The 14th has come and gone, but it’s still the Month of Love. Unfortunately for my husband, I’ve got Baby on the mind. (Our little Zoë was born December 7th). So it seemed fitting to explore a few keys areas on being green with baby. Not surprising, we’ll focus on what occupies a newborn’s time: namely what they eat, where they sleep and…well, poop.
Milk, it does a body good
When it comes to eating, there’s not much up for debate: Breast is Best. How can you beat zero packaging and the ultimate in “all natural” and organic ingredients? If you are not already familiar with the health benefits for baby, try here or here or here. Plus, as a new mom you get the all the benefits from oxytocin AND a reduced chance of breast and other types of cancer. So if the breastfeeding option is available for you and your baby, do everything in your power to make it happen. But remember, just because it’s “natural” doesn’t mean it’s easy. That said, if it doesn’t work out, cut yourself some slack, pat yourself on the back for trying and know we’re all just doing the best we can as mamas, right?
So one of the easiest ways to “go green” in this area is fortunately also one of the cheapest. When it comes to your baby’s crib and furniture choices for your nursery and home, think ‘gently used.’ Resisting the urge to have the latest and greatest for your little one, and opting instead for one from a neighbor or family member is a great way to save the planet. Of course, make sure the model is up to date and passes the CPSC standards for safety as many cribs, bassinets and play yards have been recalled since 2007. If you forgo the crib altogether and (like many other families) have discovered the joys and benefits of a family bed, make sure you’re educated on proper safety precautions for co-sleeping. (Dr. Sears is a great resource, as well as Dr. James McKenna; Director, Mother-Baby Sleep Laboratory – University of Notre Dame.)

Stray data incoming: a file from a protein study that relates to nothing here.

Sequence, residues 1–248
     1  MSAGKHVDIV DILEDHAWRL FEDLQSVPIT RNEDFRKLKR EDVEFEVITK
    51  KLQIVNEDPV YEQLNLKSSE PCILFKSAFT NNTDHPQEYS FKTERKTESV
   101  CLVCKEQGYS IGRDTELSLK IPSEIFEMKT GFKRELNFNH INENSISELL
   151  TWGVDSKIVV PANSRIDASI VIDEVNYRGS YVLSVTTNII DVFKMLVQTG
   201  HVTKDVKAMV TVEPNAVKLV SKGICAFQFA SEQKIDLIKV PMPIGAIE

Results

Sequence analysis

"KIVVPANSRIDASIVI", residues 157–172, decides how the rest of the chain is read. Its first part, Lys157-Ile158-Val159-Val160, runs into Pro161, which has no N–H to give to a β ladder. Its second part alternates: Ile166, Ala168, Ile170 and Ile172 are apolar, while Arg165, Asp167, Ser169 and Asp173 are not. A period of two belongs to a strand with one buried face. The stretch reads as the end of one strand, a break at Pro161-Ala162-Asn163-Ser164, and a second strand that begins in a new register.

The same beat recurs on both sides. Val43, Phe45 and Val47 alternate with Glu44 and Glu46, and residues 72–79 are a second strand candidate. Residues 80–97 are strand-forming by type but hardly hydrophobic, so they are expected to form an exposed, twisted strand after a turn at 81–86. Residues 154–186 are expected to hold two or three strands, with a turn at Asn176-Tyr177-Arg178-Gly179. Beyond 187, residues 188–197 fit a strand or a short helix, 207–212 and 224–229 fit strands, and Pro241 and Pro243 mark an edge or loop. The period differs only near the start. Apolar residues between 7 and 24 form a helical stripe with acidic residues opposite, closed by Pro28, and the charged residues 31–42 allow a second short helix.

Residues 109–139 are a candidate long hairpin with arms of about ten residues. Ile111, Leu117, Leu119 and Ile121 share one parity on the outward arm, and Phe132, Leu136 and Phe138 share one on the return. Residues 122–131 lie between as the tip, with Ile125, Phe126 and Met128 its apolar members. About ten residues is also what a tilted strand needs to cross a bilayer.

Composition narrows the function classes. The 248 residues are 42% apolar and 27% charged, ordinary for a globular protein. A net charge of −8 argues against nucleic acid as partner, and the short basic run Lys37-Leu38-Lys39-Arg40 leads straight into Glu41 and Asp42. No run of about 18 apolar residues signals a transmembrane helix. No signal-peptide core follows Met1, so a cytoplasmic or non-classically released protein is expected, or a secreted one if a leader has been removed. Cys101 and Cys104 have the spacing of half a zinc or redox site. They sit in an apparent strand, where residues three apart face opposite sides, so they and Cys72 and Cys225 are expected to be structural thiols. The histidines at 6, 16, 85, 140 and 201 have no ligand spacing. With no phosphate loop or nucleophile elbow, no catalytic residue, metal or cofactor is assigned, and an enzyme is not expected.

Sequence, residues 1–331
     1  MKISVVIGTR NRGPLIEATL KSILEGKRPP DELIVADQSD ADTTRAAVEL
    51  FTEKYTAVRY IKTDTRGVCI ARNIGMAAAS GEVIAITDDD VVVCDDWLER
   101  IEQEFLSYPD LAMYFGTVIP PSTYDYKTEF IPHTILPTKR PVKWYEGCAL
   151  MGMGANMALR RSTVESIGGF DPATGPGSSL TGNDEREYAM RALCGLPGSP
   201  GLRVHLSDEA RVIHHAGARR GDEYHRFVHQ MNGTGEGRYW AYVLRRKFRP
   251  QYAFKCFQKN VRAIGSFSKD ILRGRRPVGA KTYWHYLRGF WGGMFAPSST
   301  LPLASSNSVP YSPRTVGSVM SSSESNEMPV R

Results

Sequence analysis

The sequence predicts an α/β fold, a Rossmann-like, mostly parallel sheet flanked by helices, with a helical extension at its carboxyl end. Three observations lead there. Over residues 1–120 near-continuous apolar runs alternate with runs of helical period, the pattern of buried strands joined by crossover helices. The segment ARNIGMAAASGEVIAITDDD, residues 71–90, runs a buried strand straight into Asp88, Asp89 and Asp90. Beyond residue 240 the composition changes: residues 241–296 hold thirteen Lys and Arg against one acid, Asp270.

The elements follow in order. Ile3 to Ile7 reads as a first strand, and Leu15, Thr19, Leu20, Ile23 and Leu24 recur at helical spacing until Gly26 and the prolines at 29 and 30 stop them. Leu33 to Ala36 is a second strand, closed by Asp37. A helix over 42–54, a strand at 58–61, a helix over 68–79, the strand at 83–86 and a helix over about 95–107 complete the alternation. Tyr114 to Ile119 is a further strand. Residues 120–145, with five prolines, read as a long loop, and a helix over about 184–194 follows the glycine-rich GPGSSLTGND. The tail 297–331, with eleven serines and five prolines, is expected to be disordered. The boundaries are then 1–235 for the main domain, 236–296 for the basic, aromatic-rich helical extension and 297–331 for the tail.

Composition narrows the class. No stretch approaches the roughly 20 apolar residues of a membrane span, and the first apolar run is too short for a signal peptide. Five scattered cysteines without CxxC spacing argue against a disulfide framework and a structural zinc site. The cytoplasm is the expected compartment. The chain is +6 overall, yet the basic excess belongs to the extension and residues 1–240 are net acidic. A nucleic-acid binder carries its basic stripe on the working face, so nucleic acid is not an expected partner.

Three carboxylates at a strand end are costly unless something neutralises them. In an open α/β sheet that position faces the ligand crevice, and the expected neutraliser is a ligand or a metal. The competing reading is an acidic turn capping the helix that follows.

The Great Diaper Debate
What Green Baby article would be complete without a nod to cloth diapers? Well, you’re not going to escape it here either. Yes, countless studies have been done to pinpoint which option – cloth or disposable—has the least impact on the planet. Personally, the idea that disposables are ‘greener’ than the reusable option seems ridiculous to me. Isn’t that a bit like arguing I ought to throw my undergarments away each time I wear them? Sure there’s water and electricity consumed each time they’re washed; but unless something’s changed, the Green Credo was still “Reduce – Reuse – Recycle.” How does this fit for everything BUT diapering?
However, in the interest of full disclosure, we are not a full-time cloth diapering outfit. While I prefer cloth for home, we juxtapose our collection with chlorine-free disposables when we’re on the go (especially when traveling!) For more on the great diaper debate, check out this article by Dr. Alan Greene, author of Raising Baby Green.
Obviously, we’re just at the tip of the climate-changing iceberg. What’s worked for greening your baby, mamas?
|This post is sponsored by Glad. We’re taking small steps to do our part and want to help you waste less too. Visit GLAD.com for more information.|